"Enjoy the sun-shiny day my special friend," rings from his cart after every purchase, even if it's raining. Najeeb runs the cart on the north side of 17th and Pennsylvania Ave NW, by the White House. He's from Kandahar, Afghanistan. (I knew that for a while.) Today I was walking by and was surprised to find that my friend Najeeb was not yet a United States citizen. His reading material, "Practice for the U.S. Citizenship and Legalization of Status Test," gave it away. He has lived in the DC area for nearly fourteen years, and has been providing his sidewalk vending service for twelve years. "In this very same spot," he said. He left Kandahar after high school because of the fighting and violence caused by the "Soviet Disruption." Najeeb told me, "I like working here and the people are like family."


Slim Jim

These cops didn't want me to take this picture. That would be like me asking them to waive my ticket after a high-speed chase. For the record, several years ago I locked me and my mom out of a running rental car in the parking lot of a hot dog shop. Who bailed me out? The cops.


Call Me Ishmael

This is Ishmael. My friend Adam introduced me to him today. He is a native Moroccan but homeless on the sidewalks of Washington DC. He lives in Rawlings Park, a duck park by the Corcoran Gallery. According to Adam, Ishmael also spent a good part of his life drifting around Italy. He is a part of the photo essay I'm working on picturing immigrant and non-citizen homeless people in Washington DC.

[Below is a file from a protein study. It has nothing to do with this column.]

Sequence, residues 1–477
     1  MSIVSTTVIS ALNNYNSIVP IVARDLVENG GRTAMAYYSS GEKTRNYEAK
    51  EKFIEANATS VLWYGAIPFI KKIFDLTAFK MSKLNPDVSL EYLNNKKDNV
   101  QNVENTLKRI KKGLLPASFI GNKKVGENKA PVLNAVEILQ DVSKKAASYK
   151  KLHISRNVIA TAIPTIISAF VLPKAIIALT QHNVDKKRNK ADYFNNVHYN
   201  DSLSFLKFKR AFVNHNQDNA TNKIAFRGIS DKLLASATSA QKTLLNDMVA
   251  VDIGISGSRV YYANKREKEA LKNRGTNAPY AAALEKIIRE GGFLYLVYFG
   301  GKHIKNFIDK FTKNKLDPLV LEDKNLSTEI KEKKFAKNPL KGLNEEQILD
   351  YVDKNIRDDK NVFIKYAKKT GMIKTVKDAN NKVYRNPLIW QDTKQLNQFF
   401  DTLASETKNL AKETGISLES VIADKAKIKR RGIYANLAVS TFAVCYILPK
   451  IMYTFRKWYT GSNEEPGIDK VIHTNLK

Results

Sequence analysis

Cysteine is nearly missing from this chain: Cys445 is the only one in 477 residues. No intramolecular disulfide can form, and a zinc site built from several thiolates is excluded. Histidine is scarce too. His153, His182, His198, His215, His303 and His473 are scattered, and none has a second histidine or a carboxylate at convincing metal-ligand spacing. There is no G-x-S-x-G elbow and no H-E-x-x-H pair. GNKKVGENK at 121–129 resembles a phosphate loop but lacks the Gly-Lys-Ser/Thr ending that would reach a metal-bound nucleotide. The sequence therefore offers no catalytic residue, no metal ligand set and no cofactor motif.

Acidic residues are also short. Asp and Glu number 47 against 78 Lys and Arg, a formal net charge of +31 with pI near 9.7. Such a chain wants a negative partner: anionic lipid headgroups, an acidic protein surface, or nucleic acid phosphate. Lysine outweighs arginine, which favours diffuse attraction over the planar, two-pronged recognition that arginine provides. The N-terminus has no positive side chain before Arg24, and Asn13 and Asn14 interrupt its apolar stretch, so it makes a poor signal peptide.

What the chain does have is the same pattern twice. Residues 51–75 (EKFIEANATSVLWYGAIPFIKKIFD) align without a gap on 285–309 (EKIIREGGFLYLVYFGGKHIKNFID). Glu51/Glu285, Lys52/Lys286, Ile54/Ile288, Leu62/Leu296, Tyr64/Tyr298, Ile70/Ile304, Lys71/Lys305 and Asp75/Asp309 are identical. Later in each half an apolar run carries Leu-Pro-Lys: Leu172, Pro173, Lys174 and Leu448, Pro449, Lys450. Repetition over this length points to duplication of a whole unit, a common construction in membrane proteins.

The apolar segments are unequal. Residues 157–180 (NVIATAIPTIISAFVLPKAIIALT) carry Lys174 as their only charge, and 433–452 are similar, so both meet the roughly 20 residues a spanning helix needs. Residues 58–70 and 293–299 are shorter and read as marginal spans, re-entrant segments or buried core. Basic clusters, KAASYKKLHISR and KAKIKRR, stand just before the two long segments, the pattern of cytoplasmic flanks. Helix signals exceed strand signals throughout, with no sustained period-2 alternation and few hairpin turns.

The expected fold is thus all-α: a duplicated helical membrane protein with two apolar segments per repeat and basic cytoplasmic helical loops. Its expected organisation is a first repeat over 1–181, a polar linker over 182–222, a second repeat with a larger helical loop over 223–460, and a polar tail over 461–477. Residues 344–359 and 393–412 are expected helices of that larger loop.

Tiny Tim

This is one of my friends Peabody. He has recently been released from the hospital among other places. He had a very bad infection in his foot. It was caused by a shard of glass. Today was the first time I've seen him in weeks. I'm glad he is out and doing better.


Lion Man

Antonio Canova sculpted the lions that guard Pope Clement's tomb in Rome. The Corcoran Lions are copies of Canova's Lions, reproduced in 1860. I really like these lions, as I am sure a lot of visitors do. Their popularity may be apparent from the gift shop's apparel.



I bought this handmade kaleidoscope when I was driving through Central Pennsylvania a few years ago. Kaleidoscopes were invented by the Scotsman Sir David Brewster in 1816. The kaleidoscope was used as a special cinematographic effect in the early silent Russian film Man with a Movie Camera.

The Greek Taverna